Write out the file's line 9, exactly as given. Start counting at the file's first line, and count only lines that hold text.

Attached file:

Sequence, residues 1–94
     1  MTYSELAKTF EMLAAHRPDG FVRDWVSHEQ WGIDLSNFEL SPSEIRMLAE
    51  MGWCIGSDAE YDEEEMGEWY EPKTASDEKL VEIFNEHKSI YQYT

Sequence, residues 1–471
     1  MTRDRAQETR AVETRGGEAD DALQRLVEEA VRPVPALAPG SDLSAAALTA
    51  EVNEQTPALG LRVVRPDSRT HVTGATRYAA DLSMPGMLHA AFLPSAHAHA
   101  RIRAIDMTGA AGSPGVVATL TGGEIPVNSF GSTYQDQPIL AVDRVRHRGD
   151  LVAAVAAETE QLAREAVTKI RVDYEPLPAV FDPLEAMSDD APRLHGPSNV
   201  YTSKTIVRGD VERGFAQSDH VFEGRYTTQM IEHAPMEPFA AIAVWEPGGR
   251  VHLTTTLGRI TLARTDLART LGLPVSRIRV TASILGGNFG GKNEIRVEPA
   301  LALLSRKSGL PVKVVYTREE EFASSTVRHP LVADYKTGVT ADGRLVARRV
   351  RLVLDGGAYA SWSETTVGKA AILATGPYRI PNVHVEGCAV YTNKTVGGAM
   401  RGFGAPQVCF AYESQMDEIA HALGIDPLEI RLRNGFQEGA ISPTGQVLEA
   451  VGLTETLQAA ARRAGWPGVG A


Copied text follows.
   201  YTSKTIVRGD VERGFAQSDH VFEGRYTTQM IEHAPMEPFA AIAVWEPGGR